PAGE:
Bah humbug coastal path!

Roger Rabbits
with Jim Bunny

Wouldn’t life be easier if we didn’t have to deal with people?

The attention seekers, the moaners and the self-entitled, the selfish, the fakes, the bullies, the complainers, the yellers and insulters, the arrogant and the condescending.

The sort of people that can derail your day.

The passive aggressors, the unreliable and Crusaders apologists.

That just about covers it.

All sounds a bit petulant but the day didn’t start out like that.

No! It started gloriously with a rush of feel-good hormones as we cycled up onto the eastern end of the Marine Parade coastal path.

The mind, mood and body had surged into a great space at a great place.

Okay – I know the path’s been there since last year.

But not in my world. We have just connected.

Three kilometres’ long – weaving, rising and dipping through the dunes parallel to the beach, but unparalleled in its stunning-ness.

It’s a track that nature deemed should be there but it took some visionary planner at city hall to figure it and make it happen.

Dancing dune grasses, a vast expanse of white sands, the constant beat of ocean waves spilling on the shore and the theme from ‘Jaws’ as another evil 2m bronze whaler lurks in the waves.

And all on a balmy autumnal day. Cracker!

But the cracker goes soft and inedible when you introduce ‘people’ to the equation – people with attitude, and probably hangovers, unleashed dogs, errant bikes and trikes, and gossip groups taking their soy chai lattes for a stroll, and aged $15,000 Ebike packages with grizzled faces whose perception of sharing the space is riding the middle of the path.

Lack of self-awareness... 

A friend remarked about “the lack of self-awareness”.

People, she said, who didn’t give a toss about how their behaviour impacts on someone else’s experience.

“It has come to this,” she said despondently.

“They’re all b*****ds,” decided the oldest member.

“They crave attention even if it’s bad attention.

"And when they get it, it doesn’t matter that it’s negative attention, that’s enough for them.”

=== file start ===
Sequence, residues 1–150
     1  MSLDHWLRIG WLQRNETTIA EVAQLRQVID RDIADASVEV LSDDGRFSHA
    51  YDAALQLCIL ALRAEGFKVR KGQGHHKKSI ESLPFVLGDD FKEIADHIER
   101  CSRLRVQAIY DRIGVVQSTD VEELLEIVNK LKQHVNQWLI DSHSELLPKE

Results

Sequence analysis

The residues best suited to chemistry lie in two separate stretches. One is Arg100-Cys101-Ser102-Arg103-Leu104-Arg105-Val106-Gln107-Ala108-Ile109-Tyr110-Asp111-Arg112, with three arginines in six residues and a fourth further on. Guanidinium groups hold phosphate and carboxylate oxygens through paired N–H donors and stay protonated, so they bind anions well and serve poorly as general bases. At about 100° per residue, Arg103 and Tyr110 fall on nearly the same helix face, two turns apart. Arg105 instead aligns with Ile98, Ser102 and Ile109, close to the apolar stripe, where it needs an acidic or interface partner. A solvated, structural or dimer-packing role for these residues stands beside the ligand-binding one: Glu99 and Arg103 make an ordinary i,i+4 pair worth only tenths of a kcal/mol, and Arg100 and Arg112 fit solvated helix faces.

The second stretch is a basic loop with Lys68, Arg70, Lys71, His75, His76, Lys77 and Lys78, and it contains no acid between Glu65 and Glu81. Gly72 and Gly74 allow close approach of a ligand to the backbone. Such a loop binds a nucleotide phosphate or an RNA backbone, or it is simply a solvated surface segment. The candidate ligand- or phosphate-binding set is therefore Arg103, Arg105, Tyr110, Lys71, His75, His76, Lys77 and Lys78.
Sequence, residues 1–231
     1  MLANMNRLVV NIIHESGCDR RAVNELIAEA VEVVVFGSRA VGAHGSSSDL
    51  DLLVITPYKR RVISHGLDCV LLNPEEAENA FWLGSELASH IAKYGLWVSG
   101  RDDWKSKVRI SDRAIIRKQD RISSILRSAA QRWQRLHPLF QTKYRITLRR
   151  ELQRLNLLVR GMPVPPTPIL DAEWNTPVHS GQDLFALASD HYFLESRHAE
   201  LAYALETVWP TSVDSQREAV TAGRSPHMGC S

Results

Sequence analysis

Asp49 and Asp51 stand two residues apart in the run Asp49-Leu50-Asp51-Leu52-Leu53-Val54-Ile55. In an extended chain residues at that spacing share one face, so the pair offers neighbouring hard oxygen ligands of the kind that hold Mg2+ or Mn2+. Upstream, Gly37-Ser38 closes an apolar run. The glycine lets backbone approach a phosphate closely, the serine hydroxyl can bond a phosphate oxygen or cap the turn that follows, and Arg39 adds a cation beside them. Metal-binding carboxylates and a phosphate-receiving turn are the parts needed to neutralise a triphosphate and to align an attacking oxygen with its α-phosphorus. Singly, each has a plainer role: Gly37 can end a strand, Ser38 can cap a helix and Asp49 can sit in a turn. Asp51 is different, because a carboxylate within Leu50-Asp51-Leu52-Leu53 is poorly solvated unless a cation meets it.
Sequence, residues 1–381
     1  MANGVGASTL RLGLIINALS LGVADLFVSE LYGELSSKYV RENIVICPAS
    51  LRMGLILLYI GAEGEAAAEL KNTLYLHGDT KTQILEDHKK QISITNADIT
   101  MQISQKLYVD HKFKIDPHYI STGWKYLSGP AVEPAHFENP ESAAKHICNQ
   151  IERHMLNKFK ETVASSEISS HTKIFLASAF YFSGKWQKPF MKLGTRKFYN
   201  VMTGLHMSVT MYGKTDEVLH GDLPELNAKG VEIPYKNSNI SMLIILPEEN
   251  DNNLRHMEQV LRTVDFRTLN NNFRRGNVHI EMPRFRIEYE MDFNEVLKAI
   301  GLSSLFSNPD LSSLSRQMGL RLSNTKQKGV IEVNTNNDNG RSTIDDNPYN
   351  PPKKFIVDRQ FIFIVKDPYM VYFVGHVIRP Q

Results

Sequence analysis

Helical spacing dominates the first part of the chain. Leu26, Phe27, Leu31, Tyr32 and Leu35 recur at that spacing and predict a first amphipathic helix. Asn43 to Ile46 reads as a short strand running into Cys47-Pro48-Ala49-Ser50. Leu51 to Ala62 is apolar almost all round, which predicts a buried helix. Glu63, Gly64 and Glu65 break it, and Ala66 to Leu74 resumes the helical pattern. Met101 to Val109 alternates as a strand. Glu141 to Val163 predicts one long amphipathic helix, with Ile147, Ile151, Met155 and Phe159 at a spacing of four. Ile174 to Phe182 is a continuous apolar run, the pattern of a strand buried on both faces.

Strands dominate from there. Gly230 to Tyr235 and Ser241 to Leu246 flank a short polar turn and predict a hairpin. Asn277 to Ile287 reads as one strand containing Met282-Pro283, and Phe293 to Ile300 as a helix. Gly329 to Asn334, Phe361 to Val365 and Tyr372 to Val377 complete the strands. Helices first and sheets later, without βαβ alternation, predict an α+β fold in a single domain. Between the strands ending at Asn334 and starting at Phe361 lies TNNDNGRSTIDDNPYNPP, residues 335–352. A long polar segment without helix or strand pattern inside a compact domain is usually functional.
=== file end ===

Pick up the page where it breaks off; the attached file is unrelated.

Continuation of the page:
Oh dear. Perhaps his lycra was too tight on the ride – clawing at the groin.

It was also suggested that perhaps the coastal path chaos was all about inadequacy and envy – gazing on all the garishly expensive real estate across Marine Parade and then going home to push-mow the lawns at their ‘entry level’ existence in Fraser Cove.

Short of helping mow the lawns, how can we improve the experience on the Marine Parade?

We all know right from wrong because driving on the right is wrong, and left is right. Understand?

You just do it. So why do we go troppo on shared pathways?

Why do we veer across the invisible white line and expect everyone to get out of our way.

There’s no statute ordering us to keep left on the trails, but general etiquette suggests it’s a good idea.

It would save head-on collisions, bad language, abuse and broken bikes and bones.

Share with care 

So you’ve spent $5000 on a French Bulldog, and it maybe your complete “dotes”, but not all of us have to like it.

We will respect ‘Milo’s’ right to be on the coastal path – but please keep him on a leash!

I can fall off my bike without the help of a dog in the middle of its socialisation lesson.

And if the owner can’t grasp ‘keeping left’, what can we expect of a French Bulldog – they all drive on the right.

“At 4m wide, the pathway provides ample width for multiple users,” says the council blurb.

Well yes, you would think.

And… “all are encouraged to share with care”.

Tell that to Priscilla and Peter who’ve just bumped into Marg and Andy on the coastal path.

They’re flapping their gums, discussing hip replacements and South Seas holiday destinations.

They’ve taken out a land claim on the middle of the path, they’re not moving and are oblivious to the traffic problems they’re generating around them.

And why is it my responsibility to get out of the way of a 10-year-old sucking a smoothie while riding an electric skateboard.

“You are just so cute and clever Amelia-Rose!”

No, you’re not. 

Protocol cops?

Perhaps we need a couple of protocol cops on the Coastal Path to chat to the Amelia-Roses, perhaps a centre-line, perhaps a few well-placed ‘Don’t be a dick!’ signs.

Then I’m told to go take an antacid, to stop being crotchety and cranky.

The higgledy-piggledy, muddled, jumbled nature of the traffic on the coastal path is apparently part of the essential charm.

The trail becomes an extension of life at home.

Families spend all week herding kids and animals and bikes and trikes and then they transfer their chaos to the trail for a change of scenery and relaxation.

And a lot of people spend their week regimented by work and other commitments – organised, controlled, disciplined.

And come the weekend they can abandon all those strictures and free wheel on the trail. It’s therapy.

Fair enough. I understand. Forget everything.

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